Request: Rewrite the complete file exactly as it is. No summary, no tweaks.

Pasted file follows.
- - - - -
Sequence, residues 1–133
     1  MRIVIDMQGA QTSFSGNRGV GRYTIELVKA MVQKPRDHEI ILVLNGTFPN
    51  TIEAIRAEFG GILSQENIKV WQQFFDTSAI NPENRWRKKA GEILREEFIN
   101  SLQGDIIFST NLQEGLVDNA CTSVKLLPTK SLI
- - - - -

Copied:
Sequence, residues 1–133
     1  MRIVIDMQGA QTSFSGNRGV GRYTIELVKA MVQKPRDHEI ILVLNGTFPN
    51  TIEAIRAEFG GILSQENIKV WQQFFDTSAI NPENRWRKKA GEILREEFIN
   101  SLQGDIIFST NLQEGLVDNA CTSVKLLPTK SLI